• December – reliably cold

Why is this useful? Well if you’re doing a business plan and wondering about buying heaters you might consider getting enough heating for March/November weather but hiring in the extra heaters you need for winter. Why do it like this? Well this way your heaters could get used 6-8 months of the year but the extra ones needed to supplement these for winter would only be needed for 2-3 months (also the quietest marquee hire months). Hopefully I’ve explained what I mean but if not please let me know 🙂

Thanks for reading

Spencer

Avoid using heaters when erecting a marquee

Monday, January 23rd, 2012

If you’re out erecting marquees at the moment then it’s a bit cold but you should avoid using heaters to warm you up, at least until the flooring is down.

Putting marquees up in bad weather isn’t the greatest but we do work in an industry that means once the marquee’s up we’re effectively working indoors for the rest of the time whilst finishing off the interior of the marquee.

If you put the marquee up on frozen ground and then put the heater on you risk working in a bit of a quagmire as the ground thaws out and the mud gets spread around the marquee.

Simple solution -don’t put the heaters on until the flooring is down, that waterproof barrier under the flooring will keep the flooring sound as the ground thaws out.

Thanks for reading.

Spencer

Marquee forums

Monday, September 6th, 2010

At The showmans show in 2008 I was approached about a new marquee forum that was going to help out everyone in the industry. I thought it was a good idea but sadly didn’t get off the ground. Lisa from County Marquees kindly pointed me in the direction of the office section on the blue room forum where a few people have posted about marquee hire and the admins have said if there’s enough interest then they’ll make a ‘marquee’ section.  If that doesn’t work then maybe we’ll just have to set up our own one.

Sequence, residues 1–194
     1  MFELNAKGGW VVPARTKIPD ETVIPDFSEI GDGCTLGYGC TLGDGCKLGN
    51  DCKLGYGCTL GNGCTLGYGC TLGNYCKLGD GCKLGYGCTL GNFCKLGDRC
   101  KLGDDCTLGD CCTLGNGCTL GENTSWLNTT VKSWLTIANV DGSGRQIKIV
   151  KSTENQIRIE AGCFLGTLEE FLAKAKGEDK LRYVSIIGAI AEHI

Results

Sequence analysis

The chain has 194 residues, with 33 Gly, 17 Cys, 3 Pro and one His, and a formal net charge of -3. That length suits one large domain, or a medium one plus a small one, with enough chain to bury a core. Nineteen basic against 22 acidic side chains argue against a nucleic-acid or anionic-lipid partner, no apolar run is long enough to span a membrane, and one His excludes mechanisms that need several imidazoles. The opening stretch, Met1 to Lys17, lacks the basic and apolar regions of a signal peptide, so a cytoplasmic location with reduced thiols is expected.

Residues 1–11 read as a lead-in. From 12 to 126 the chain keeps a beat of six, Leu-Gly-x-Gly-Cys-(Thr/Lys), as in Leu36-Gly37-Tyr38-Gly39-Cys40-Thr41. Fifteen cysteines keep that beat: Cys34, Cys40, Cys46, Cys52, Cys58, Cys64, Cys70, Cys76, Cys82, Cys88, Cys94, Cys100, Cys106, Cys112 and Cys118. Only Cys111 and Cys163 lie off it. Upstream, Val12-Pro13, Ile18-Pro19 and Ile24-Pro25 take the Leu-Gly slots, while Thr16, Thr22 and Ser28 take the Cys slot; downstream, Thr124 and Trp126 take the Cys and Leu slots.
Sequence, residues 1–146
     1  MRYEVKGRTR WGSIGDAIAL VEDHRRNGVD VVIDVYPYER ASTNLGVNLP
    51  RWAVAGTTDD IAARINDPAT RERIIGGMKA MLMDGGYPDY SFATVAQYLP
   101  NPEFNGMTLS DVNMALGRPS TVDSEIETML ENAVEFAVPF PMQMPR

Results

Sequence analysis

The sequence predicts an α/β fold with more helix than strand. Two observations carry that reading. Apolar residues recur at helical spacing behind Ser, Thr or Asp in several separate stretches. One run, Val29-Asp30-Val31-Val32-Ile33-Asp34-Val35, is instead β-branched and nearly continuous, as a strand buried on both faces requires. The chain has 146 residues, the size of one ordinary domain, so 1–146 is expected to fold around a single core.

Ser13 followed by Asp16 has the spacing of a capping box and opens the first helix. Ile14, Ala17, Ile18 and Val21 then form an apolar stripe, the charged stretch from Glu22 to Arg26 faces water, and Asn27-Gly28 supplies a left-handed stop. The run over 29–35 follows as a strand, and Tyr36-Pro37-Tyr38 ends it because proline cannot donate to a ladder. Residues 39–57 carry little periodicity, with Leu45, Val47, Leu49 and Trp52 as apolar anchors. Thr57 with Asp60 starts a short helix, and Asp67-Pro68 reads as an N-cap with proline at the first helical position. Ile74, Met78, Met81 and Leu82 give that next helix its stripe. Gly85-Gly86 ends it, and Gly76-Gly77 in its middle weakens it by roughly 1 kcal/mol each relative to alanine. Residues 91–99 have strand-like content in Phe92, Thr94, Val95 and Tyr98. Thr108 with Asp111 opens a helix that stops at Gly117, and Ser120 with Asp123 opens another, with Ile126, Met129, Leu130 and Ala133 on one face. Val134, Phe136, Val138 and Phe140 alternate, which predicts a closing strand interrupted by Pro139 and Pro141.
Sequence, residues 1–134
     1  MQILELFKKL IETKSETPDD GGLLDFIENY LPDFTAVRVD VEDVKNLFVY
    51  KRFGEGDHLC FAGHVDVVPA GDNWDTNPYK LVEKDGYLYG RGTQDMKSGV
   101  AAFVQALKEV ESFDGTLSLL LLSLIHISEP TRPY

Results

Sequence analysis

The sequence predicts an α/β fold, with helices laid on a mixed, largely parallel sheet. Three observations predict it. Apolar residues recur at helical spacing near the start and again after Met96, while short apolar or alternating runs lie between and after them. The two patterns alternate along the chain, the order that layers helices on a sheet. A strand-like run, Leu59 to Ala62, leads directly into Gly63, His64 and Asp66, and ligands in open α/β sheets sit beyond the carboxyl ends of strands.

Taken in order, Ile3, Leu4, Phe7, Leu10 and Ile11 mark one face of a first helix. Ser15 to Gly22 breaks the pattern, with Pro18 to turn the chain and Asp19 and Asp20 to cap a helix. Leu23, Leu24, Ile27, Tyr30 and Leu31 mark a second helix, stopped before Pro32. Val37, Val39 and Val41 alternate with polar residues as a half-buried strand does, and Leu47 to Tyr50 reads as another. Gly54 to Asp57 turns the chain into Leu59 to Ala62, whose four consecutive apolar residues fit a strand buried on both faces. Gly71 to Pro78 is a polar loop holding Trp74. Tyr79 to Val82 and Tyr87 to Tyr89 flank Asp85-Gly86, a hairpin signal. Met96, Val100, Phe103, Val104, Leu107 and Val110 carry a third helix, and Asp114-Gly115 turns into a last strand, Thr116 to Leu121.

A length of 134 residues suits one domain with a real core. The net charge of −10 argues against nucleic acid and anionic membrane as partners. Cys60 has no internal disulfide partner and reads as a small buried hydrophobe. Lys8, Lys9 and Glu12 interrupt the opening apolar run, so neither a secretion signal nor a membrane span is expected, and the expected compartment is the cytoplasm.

I stumbled across this post on yahoo answers and wish I’d got there sooner to offer my own answer (basically they’re asking it is possible to hold a marquee wedding in a field).  In my eyes the question is perfectly reasonable and one you come up against regularly, it just demonstrates that your job is not simply to hire out and put up marquees but to reassure people that it’s possible and can be done successfully.  Some of the answers are also quite interesting so I’ll run through them here.

Answer 1: a different event was ruined by poor heating and a muddy field all down to the weather. Except it wasn’t the weathers fault, it was the hirers. There was insufficient heating (several small heaters are better than one large one) and ideally (certainly in a field) you should run a small path of matting or carpet across to the toilets and also as an entrance path. This avoids getting muddy and ladies losing high heels. As long as any long grass is cut short well in advance of the event and it’s relatively level then fields make excellent venues for marquees.

Answer 2: It’s more expensive than a regular venue. Possibly true, possibly untrue. There are always cheap ways of doing things -instead of caterers get a cold buffet from Waitrose or get a local take away to do the food for example.

Answer 3: Tents can be very expensive. They can also be very reasonable.

Answer 4: You don’t get married in a marquee, you get married in a church/registry office and hold the reception in a marquee. We did several marquees where the couple were married in a quiet registry service the day before but then held a blessing with all of their guests in one marquee before coming across to another marquee for the reception. Guests think the couple are getting married there but they’re not actually.